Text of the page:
Anyway, finally there are a few bloody murders, a supposed twist to the story, a fire and an explosion, and it’s all over. I can usually find something positive to say about a film, but (as you may have noticed) I’m having a tough time with this one. Bryant Halliday as Brent escapes with his dignity intact, while Jill Haworth isn’t too annoying as Rose Mason, but probably only because her character has less to say than any of the others. Still, she does show a bit of nous towards the end, disposing of mad Michael and rescuing herself from the burning lighthouse. Otherwise, the only notable points are the icky use of crabs, seen clambering over corpses, and the single sad glimpse of the deranged Saul sobbing by his wife’s rotting corpse. Beyond that, I can’t really recommend this film to anyone other than connoisseurs of appalling seventies fashion. For them, Tower Of Evil is a veritable goldmine.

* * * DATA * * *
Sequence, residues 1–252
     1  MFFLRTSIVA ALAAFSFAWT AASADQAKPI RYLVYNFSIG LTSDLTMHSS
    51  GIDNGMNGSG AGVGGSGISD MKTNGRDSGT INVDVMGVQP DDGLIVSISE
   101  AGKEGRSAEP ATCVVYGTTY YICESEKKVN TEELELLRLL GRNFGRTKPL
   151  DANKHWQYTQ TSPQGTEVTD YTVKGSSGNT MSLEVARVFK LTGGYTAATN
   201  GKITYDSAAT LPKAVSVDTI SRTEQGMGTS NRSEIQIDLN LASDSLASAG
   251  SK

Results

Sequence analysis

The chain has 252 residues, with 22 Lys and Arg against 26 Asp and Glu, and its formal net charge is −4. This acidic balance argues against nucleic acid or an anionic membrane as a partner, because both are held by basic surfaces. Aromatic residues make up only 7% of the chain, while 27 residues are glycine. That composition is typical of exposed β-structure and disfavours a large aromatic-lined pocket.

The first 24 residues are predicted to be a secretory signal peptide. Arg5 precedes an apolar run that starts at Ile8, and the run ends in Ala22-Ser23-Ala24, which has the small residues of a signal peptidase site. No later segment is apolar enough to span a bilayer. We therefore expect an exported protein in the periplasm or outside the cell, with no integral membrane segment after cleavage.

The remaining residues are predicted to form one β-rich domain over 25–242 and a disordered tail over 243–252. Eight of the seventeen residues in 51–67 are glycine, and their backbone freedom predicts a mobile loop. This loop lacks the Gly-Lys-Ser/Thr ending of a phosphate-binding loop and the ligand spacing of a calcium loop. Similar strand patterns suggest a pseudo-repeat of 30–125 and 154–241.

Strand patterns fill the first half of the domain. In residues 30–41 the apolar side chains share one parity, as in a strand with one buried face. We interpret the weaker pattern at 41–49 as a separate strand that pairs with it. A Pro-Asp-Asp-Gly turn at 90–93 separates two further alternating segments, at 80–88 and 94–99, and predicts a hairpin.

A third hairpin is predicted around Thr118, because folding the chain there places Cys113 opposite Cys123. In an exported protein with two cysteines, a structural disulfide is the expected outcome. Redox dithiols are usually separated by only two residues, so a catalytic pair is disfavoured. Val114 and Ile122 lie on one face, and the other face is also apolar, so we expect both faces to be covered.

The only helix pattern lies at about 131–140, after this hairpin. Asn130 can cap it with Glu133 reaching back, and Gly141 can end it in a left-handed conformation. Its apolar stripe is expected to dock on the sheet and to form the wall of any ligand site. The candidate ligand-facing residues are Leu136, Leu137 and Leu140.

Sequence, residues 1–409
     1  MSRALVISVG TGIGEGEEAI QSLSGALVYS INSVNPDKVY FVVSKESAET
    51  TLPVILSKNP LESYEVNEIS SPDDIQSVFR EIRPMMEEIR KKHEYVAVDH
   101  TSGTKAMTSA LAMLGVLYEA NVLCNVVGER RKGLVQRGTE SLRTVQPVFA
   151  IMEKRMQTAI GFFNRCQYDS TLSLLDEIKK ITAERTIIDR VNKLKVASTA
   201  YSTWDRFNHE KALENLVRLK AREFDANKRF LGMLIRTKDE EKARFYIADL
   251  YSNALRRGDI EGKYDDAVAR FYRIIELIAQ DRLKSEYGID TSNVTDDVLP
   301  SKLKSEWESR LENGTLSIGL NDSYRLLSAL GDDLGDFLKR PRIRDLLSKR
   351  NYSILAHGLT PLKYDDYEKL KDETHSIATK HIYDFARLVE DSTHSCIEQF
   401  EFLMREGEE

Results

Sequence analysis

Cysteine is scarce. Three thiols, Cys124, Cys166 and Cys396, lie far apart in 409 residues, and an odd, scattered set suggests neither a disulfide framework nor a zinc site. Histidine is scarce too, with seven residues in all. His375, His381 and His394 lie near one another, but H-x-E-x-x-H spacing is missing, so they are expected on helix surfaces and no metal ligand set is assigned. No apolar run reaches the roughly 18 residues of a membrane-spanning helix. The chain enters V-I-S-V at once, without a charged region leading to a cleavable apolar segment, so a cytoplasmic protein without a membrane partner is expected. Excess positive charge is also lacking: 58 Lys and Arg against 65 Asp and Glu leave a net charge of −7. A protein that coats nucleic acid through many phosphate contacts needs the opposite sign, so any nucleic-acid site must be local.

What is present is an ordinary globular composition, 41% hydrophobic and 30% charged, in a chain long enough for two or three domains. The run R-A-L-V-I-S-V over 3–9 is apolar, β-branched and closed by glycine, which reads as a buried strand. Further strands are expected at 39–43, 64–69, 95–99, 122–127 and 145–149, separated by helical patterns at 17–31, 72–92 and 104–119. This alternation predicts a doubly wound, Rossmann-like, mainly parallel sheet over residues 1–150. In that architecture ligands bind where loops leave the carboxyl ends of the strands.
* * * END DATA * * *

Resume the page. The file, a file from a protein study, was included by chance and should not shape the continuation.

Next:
Check out all the details of this movie on the IMDB